Observations on the Genus Miltha (Mollusca: Bivalvia) with Notes on the Type and the Florida Neogene Species

Harold E. Vokes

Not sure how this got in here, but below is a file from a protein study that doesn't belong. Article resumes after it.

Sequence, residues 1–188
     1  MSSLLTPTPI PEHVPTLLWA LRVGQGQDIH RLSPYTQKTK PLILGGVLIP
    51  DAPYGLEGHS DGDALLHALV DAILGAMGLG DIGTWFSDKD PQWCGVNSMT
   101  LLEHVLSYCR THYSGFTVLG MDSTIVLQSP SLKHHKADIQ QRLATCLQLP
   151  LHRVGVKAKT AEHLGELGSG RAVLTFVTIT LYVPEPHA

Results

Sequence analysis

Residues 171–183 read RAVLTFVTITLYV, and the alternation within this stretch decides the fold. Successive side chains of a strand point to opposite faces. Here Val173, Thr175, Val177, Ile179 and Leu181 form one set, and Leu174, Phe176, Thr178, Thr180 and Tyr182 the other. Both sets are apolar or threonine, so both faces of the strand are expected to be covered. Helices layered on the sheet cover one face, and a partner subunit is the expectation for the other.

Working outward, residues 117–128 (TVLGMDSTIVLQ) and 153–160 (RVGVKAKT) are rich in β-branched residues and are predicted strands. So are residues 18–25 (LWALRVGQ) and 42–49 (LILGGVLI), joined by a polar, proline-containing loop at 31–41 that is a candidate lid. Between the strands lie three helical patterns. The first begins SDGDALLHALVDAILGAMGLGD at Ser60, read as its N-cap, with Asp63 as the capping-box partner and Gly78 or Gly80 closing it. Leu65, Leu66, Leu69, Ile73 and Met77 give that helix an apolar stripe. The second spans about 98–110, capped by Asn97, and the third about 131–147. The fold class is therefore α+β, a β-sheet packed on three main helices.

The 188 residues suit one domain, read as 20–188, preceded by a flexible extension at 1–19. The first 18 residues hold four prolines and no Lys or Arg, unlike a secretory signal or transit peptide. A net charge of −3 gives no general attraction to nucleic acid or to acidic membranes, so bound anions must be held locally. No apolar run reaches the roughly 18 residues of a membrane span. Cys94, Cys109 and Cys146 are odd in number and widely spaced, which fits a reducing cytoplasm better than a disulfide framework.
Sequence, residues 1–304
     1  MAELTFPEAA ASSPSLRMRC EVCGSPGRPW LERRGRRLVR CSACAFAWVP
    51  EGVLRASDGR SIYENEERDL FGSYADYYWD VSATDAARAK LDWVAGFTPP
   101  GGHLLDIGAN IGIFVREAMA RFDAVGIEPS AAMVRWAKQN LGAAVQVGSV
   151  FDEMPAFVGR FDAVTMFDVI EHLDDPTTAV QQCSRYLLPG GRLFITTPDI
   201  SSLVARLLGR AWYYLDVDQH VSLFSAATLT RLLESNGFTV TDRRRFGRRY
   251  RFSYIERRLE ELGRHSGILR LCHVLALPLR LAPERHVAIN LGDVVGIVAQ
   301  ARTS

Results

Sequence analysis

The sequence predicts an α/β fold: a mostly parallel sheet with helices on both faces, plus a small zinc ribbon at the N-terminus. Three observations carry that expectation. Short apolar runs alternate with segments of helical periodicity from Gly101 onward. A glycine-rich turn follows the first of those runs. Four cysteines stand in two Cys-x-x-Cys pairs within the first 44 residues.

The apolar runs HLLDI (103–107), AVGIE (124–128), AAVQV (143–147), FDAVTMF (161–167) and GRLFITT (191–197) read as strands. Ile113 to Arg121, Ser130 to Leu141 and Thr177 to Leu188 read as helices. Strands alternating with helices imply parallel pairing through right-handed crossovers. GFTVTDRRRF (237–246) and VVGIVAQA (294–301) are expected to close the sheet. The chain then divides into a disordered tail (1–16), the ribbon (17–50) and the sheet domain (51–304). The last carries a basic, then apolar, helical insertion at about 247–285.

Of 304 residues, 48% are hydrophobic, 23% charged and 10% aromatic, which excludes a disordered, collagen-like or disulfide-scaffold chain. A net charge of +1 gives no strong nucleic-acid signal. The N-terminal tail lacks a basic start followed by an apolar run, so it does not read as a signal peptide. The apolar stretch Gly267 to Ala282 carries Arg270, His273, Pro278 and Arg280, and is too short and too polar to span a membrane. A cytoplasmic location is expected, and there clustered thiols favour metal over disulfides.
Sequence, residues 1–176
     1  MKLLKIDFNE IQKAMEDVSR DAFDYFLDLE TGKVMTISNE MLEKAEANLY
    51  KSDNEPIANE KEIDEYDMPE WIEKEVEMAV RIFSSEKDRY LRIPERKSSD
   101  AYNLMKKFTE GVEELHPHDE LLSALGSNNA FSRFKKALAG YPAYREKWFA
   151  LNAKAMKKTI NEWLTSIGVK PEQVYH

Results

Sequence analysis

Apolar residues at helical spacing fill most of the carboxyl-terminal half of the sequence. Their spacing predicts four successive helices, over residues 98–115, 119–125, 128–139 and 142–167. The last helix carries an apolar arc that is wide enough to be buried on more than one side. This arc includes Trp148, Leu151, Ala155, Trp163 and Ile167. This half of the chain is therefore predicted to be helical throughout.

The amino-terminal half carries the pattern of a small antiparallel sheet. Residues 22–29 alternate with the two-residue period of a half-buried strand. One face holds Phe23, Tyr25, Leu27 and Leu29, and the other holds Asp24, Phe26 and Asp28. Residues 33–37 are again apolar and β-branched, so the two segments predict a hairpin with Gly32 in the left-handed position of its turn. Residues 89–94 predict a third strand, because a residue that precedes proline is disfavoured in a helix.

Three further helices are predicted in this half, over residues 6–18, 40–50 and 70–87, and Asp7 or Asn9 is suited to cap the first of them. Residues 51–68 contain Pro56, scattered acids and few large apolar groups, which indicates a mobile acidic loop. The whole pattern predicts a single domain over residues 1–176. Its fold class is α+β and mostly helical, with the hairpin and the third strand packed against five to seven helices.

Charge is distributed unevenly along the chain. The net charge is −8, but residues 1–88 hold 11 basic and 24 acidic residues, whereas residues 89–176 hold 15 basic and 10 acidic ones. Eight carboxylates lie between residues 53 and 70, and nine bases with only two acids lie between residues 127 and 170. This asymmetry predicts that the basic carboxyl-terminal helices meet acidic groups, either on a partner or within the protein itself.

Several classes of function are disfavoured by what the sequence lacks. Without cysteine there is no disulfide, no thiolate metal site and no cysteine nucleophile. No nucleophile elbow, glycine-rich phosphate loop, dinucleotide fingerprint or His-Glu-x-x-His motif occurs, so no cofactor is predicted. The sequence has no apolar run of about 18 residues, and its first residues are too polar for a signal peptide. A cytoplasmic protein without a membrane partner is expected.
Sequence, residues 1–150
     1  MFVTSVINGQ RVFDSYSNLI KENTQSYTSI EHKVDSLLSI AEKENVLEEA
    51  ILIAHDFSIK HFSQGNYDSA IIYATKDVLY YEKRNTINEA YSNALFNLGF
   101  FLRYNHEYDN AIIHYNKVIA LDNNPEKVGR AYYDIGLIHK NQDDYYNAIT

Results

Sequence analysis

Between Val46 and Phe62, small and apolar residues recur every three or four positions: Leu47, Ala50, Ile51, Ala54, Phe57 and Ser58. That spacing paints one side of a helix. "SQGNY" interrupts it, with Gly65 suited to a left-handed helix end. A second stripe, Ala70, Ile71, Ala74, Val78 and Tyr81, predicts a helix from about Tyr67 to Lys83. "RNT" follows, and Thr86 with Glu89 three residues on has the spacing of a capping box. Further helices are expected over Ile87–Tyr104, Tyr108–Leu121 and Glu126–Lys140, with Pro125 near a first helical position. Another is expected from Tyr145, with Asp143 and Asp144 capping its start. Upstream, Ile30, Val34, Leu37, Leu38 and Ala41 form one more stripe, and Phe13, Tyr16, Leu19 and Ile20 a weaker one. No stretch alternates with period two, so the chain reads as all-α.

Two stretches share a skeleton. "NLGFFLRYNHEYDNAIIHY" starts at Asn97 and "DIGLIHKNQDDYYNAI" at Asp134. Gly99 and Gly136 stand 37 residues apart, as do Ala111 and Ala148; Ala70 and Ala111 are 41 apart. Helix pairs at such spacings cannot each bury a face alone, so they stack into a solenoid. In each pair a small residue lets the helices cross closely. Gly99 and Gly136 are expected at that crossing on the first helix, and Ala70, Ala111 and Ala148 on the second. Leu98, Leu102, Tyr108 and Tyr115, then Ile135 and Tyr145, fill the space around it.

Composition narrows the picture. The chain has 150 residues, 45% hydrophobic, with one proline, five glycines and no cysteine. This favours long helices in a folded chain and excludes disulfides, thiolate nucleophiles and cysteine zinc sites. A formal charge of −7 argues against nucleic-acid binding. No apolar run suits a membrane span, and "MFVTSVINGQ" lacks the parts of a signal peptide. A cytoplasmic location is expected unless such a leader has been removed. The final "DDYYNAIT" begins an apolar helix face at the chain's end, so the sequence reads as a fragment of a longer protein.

The genus Miltha H. & A. Adams, 1857, has been the subject of much misunderstanding and misinterpretation, largely as a result of the rarity of the type species, "Lucina" childrenae Gray, in museum collections. Described from "Brazil" by Gray, the species was confused by Carpenter (1864) and following him, Dall. (1901, 1903) with the species from Baja California subsequently named Miltha xantusi by Dall (1905). At the time of his monograph on "The Tertiary Faunas of Florida” Dall had seen no specimens of the type species and treated Miltha as a subgenus of Phacoides "Blainville," giving it an unjustifiably broad interpretation that was uncritically accepted by a number of subsequent authors. As a result fourteen species from the Tertiary of eastern North America have been referred to Miltha, only two of which, M. chipolana (Dall) and M. caloosaensis (Dall), are here accepted as correctly referred to that genus, with two others, M. heracleus (Dall) and M. smithwoodwardi (Maury) being placed in the synonymy of M. chipolana. The other ten species are here referred to Armimiltha, Eomiltha, Plastomiltha or Saxolucina. Miltha s.s. includes species that, in the adult stages, differ in degree of inflation of the opposite valves; in the species here studied either valve may be inflated with no predominance of one over the other observed in any species. The valves have a fine concentric ornamentation with a weak and obscure radial ribbing. Anterior and posterior dorsal areas are defined by incised grooves; the posterior is well developed, but the anterior may be rather obscure. The lunule is small, confined to the right valve and more or less deeply impressed into the area immediately below the umbos. The adult hinge includes two cardinal teeth in each valve, the posterior right cardinal and the anterior left one are bifid, the others simple, more or less lamellar. There is no trace of lateral teeth in the adult hinge, but both anterior and posterior laterals are present in small, immature forms. These same forms also show a well developed escutcheon, a remnant of which persists in the adult valves as a flat, plate-like protrusion of the right valve that is partly broken away by the action of the enlarging fibrous portion of the ligament. The interior of the valve bears ridges and grooves that reflect structures in the mantle area including the attachment area of the gill demibranchs, the trend of the large pallial blood vessel and, apparently the presence of a "non-ridged fold” margining a region of "mantle gills" such as have been described in other lucinid genera by Allen (1958) and others. The anterior and posterior adductor scars show clear evidence that these muscles included both "striated" and "smooth" types of muscle fibers- as do other species of Lucinidae. The two recent species of Miltha, M. childrenae and M. xantusi both occur in waters of 28 to 30 fathoms or more in depth, and both appear to prefer fine sandy types of bottom sediment. The oldest species of Miltha s.s. appears to be M. packi (Dickerson) from the Domengine Formation, middle Eocene, of California. "Phacoides" montensis Cossmann is a possible ancestral type. No certain upper Eocene or Oligocene forms have yet been recognized, but the genus is present in the lower Miocene of California, Florida, and New Zealand, persisting to the Recent in tropical waters of the eastern Pacific and the western Atlantic Oceans. Three species of Miltha are present in the Florida Neogene deposits: M. chipolana Dall, from the early Miocene Chipola Formation; M. caloosaensis Dall, from the upper Miocene Pinecrest beds, and the Pliocene Caloosahatchee Formation; and M. carmenae, new species, from the early Pleistocene "Unit A" beds from the region south and south east of lake Okeechobee, Florida.

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